Large family moved in when father died?

Large family moved in when father died?

9:32 AM, 2nd December 2019, About 4 years ago 23

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A tenancy doesn’t automatically end when a sole tenant dies. When the son of a long term tenant informed us that the tenant had died we assumed that in due course the property would be cleared and the tenancy surrendered. What we weren’t prepared for was for the son to move in with his large family and three dogs and refuse to communicate with us slamming the door in our faces when we called to discuss the matter. ( the property is a small bungalow with one double and one single bedroom)

We have learnt that gaining possession is not straight forward. We were advised by one of the landlord associations to issue a section 21 notice giving the statutory notice of two months from a rent date. We were told to issue the notice in the name of the deceased. We would also be required to make an application to register the notice with the public trustee.

This we have done only to be informed by the public trustee that the notice was not addressed correctly. Rather than the deceased as advised by our landlords association it should have been addressed to, the representatives of………

Consequently, we will have to serve the notice again losing another month.

We may be fortunate to get our property back in five, probably six or seven months following notice, court process, bailiff, etc. With associated costs. All the while this family lives rent free and possibly doing untold damage.

We are not novice landlords . We have been landlords for nearly thirty years and have had mostly good tenants. We have had an elderly tenant die previously with no unexpected consequences.


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12:46 PM, 2nd December 2019, About 4 years ago

My tenancy agreements have a list of persons permitted to reside in the property, introduced at the insistence of the local council to prevent overcrowding. It also helps with 'right to rent'.

Such a list may help in future cases of a sole tenant dying.

Is it possible that the people in situ, not being the tenant, could be treated as squatters?


13:05 PM, 2nd December 2019, About 4 years ago

Reply to the comment left by David Price at 02/12/2019 - 12:46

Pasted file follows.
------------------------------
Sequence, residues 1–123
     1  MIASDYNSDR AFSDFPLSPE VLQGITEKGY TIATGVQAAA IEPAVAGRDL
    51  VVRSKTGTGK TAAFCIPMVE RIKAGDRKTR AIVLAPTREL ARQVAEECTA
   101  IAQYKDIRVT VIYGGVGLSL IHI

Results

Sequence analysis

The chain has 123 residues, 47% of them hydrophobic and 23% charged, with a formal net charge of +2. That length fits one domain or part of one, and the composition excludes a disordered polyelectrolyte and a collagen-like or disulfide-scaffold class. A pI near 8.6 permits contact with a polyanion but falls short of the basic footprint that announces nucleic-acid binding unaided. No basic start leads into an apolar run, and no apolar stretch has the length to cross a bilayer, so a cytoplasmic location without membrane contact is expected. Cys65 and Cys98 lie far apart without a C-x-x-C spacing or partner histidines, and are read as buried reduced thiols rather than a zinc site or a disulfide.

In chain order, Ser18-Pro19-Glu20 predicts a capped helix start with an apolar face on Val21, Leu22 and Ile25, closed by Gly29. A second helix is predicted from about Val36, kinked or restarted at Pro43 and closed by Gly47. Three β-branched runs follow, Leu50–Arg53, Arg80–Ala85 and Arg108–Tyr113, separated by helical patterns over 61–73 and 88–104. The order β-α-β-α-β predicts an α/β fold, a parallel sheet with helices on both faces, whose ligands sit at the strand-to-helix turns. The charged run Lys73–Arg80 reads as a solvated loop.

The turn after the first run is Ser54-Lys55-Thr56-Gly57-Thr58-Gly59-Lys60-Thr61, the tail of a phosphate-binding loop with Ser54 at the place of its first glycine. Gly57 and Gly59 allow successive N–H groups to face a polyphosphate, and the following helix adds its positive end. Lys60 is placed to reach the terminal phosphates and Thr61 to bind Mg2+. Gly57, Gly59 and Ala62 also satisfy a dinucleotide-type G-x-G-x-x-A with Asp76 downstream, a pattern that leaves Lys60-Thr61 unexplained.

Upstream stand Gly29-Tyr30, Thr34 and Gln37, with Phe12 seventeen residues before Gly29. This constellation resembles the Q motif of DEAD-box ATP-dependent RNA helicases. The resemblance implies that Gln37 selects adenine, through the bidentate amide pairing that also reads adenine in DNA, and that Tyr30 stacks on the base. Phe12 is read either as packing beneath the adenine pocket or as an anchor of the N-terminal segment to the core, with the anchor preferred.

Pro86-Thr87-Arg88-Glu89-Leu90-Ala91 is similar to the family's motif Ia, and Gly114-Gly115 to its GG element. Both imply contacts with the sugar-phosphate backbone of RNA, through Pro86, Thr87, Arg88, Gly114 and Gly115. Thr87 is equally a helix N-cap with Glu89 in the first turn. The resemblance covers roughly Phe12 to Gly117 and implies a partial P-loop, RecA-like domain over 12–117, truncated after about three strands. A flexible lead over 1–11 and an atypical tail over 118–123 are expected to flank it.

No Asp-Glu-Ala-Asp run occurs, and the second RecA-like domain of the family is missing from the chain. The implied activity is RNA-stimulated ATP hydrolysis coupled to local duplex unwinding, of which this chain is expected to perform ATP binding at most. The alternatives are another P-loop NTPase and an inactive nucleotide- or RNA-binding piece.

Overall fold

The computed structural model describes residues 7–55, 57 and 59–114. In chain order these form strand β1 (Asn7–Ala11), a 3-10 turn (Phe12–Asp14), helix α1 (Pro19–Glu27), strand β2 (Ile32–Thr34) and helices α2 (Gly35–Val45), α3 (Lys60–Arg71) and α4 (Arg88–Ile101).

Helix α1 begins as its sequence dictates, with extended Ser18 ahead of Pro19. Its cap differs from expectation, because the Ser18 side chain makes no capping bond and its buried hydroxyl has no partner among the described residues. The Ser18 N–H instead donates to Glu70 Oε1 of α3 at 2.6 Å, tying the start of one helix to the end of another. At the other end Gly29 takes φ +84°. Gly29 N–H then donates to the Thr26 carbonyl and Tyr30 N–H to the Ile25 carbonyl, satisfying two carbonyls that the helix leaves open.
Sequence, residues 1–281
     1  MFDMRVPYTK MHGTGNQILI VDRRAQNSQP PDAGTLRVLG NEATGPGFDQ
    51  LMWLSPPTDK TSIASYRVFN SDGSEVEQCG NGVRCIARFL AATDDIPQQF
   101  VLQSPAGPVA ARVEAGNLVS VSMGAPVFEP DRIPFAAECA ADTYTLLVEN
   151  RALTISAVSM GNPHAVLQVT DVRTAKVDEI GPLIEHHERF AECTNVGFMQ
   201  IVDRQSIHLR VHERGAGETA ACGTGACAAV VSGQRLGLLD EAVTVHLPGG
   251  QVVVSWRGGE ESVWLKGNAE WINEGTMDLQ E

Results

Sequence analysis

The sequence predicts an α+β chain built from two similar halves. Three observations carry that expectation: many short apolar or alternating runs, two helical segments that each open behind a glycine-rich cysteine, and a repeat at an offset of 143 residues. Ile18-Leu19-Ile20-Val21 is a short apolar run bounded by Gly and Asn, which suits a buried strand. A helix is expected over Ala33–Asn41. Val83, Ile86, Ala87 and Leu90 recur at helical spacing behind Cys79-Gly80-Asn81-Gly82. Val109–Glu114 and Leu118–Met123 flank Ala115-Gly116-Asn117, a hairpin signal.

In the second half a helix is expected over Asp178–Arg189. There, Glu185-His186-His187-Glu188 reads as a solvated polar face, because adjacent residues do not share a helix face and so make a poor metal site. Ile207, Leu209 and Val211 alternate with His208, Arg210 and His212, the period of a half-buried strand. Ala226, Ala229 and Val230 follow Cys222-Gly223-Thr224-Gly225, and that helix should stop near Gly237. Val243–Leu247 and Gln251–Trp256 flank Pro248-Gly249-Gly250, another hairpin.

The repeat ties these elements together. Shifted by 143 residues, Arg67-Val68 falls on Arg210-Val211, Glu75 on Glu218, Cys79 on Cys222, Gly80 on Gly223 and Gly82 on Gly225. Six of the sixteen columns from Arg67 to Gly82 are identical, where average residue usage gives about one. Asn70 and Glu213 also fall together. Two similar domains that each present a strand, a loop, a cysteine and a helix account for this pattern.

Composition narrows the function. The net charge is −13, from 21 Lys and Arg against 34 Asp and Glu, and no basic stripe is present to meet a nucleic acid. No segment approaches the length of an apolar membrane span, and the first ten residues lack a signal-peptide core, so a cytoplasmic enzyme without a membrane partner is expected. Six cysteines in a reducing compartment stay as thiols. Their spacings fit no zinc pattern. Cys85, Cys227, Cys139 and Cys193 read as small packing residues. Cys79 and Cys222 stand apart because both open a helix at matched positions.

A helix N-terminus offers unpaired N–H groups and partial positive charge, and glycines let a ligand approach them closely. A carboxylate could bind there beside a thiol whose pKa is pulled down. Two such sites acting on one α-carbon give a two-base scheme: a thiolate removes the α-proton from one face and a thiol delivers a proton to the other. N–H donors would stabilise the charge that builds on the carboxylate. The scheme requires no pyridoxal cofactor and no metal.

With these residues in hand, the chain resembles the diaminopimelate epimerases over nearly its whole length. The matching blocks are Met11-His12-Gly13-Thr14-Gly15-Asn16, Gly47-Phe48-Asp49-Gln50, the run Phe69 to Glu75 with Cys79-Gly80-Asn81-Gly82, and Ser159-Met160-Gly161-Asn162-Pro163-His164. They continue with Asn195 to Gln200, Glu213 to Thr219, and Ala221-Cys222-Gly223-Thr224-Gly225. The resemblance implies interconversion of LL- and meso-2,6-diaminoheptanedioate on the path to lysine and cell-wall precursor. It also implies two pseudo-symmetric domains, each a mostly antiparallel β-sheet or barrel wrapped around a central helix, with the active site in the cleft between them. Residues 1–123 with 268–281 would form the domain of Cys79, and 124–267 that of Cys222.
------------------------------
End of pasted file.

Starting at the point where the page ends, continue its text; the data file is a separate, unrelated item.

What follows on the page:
Hi David.
But the family do not have permission to live in the property. The deceased was the sole tenant. The son approached us following his father’s death. Because of his circumstances we declined him a tenancy. He moved in regardless with his wife three children and three dogs.
We have been given conflicting advice.
An officer of the local council said he was a squatter and we should ring the police. We have followed the advice of our landlord’s association which advocated the route outlined previously.

Rob Crawford

15:57 PM, 2nd December 2019, About 4 years ago

Landlords often talk to landlord associations thinking they are talking to a solicitor. This is rarely the case. You need legal advice from possession experts such as those suggested by Neil. From what you say these occupants are squatters, however, you do not mention if you are receiving rent from them, if so a tenancy arrangement under common law could be assumed.


17:32 PM, 2nd December 2019, About 4 years ago

Reply to the comment left by Neil Patterson at 02/12/2019 - 09:43
Hi Neil,
Thank you for the related questions. I will look closely at them.
We do usually try and solve all our landlord issues ourselves. We have unfortunately had to serve notice and take court action against tenants previously but thankfully rarely.
On this occasion you may well be right and professional advice will be required.


18:00 PM, 2nd December 2019, About 4 years ago

Reply to the comment left by Rob Crawford at 02/12/2019 - 15:57
Yes, I am inclined to agree with you.
No rent has been asked for or offered. I do understand that even this was the case, it should not halt a possession order.
What is galling is that we delayed action for the family to grieve and waited until after the funeral.
As landlords we are always learning even after nearly thirty years. Sentiment and business do not mix.

Michael Barnes

0:56 AM, 3rd December 2019, About 4 years ago

Are there 2 months rent arrears?

If so, then S8G8 might be a faster option?

I also understood that notice should be served on the tenant, and that the tenant's representatives should take it up


7:00 AM, 3rd December 2019, About 4 years ago

Reply to the comment left by Michael Barnes at 03/12/2019 - 00:56
Hi Michael,
Only one months arrears at this stage, hence the section 21 route. There seems some confusion re who the notice Is served on. The public trustee and the government site maintain that the notice should be served on ‘the representative of’ whereas the landlords association seem to think it’s ok to serve the notice in the name of the deceased. They now tell us to serve, to the representative of.... Apparently, we don’t now need to give two months from a rent date but two months four days.
As previously advised on this site we will seek specialist advice and hopefully proceed lawfully and without too much further delay.
Thank you 118 for all the helpful posts.

Michael Barnes

15:54 PM, 3rd December 2019, About 4 years ago

Reply to the comment left by Tom at 03/12/2019 - 07:00
I would suggest also serving S8 notice on grounds 7 (death) and 10 (rent is unpaid).

It might trigger some action.

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